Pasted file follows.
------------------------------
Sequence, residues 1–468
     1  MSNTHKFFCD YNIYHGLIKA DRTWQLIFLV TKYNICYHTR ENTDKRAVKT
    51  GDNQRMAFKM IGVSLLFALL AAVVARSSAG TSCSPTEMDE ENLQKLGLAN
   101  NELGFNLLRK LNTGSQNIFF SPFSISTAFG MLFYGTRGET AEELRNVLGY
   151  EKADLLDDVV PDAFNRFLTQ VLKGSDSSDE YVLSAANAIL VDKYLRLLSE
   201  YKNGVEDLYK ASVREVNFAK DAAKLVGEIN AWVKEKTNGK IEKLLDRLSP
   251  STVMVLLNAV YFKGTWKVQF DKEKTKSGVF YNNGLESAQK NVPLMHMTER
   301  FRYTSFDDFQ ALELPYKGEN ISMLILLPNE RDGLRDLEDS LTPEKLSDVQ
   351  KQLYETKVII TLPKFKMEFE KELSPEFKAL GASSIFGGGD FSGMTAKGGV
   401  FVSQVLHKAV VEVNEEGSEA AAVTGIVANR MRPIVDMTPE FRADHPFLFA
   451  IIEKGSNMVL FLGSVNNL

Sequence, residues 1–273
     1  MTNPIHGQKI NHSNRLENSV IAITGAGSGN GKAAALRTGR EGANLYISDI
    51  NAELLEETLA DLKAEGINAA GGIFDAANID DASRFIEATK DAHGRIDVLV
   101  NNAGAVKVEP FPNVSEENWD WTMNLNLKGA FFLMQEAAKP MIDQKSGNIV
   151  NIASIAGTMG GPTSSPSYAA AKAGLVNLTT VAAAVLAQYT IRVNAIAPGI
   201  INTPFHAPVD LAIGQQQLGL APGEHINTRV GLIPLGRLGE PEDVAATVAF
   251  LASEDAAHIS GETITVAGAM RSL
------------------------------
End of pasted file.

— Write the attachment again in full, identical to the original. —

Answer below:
Sequence, residues 1–468
     1  MSNTHKFFCD YNIYHGLIKA DRTWQLIFLV TKYNICYHTR ENTDKRAVKT
    51  GDNQRMAFKM IGVSLLFALL AAVVARSSAG TSCSPTEMDE ENLQKLGLAN
   101  NELGFNLLRK LNTGSQNIFF SPFSISTAFG MLFYGTRGET AEELRNVLGY
   151  EKADLLDDVV PDAFNRFLTQ VLKGSDSSDE YVLSAANAIL VDKYLRLLSE
   201  YKNGVEDLYK ASVREVNFAK DAAKLVGEIN AWVKEKTNGK IEKLLDRLSP
   251  STVMVLLNAV YFKGTWKVQF DKEKTKSGVF YNNGLESAQK NVPLMHMTER
   301  FRYTSFDDFQ ALELPYKGEN ISMLILLPNE RDGLRDLEDS LTPEKLSDVQ
   351  KQLYETKVII TLPKFKMEFE KELSPEFKAL GASSIFGGGD FSGMTAKGGV
   401  FVSQVLHKAV VEVNEEGSEA AAVTGIVANR MRPIVDMTPE FRADHPFLFA
   451  IIEKGSNMVL FLGSVNNL

Sequence, residues 1–273
     1  MTNPIHGQKI NHSNRLENSV IAITGAGSGN GKAAALRTGR EGANLYISDI
    51  NAELLEETLA DLKAEGINAA GGIFDAANID DASRFIEATK DAHGRIDVLV
   101  NNAGAVKVEP FPNVSEENWD WTMNLNLKGA FFLMQEAAKP MIDQKSGNIV
   151  NIASIAGTMG GPTSSPSYAA AKAGLVNLTT VAAAVLAQYT IRVNAIAPGI
   201  INTPFHAPVD LAIGQQQLGL APGEHINTRV GLIPLGRLGE PEDVAATVAF
   251  LASEDAAHIS GETITVAGAM RSL